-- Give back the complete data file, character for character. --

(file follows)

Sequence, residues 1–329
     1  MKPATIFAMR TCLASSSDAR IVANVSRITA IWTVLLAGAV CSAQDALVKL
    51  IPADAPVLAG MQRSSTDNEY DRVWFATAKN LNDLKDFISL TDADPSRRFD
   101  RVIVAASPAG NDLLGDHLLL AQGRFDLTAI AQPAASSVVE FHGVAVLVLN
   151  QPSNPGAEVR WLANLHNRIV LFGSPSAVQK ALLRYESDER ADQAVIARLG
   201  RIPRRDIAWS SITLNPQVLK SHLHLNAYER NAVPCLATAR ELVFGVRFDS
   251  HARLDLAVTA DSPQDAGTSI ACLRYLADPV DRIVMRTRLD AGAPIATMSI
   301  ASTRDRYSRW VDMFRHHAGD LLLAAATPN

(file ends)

Sequence, residues 1–329
     1  MKPATIFAMR TCLASSSDAR IVANVSRITA IWTVLLAGAV CSAQDALVKL
    51  IPADAPVLAG MQRSSTDNEY DRVWFATAKN LNDLKDFISL TDADPSRRFD
   101  RVIVAASPAG NDLLGDHLLL AQGRFDLTAI AQPAASSVVE FHGVAVLVLN
   151  QPSNPGAEVR WLANLHNRIV LFGSPSAVQK ALLRYESDER ADQAVIARLG
   201  RIPRRDIAWS SITLNPQVLK SHLHLNAYER NAVPCLATAR ELVFGVRFDS
   251  HARLDLAVTA DSPQDAGTSI ACLRYLADPV DRIVMRTRLD AGAPIATMSI
   301  ASTRDRYSRW VDMFRHHAGD LLLAAATPN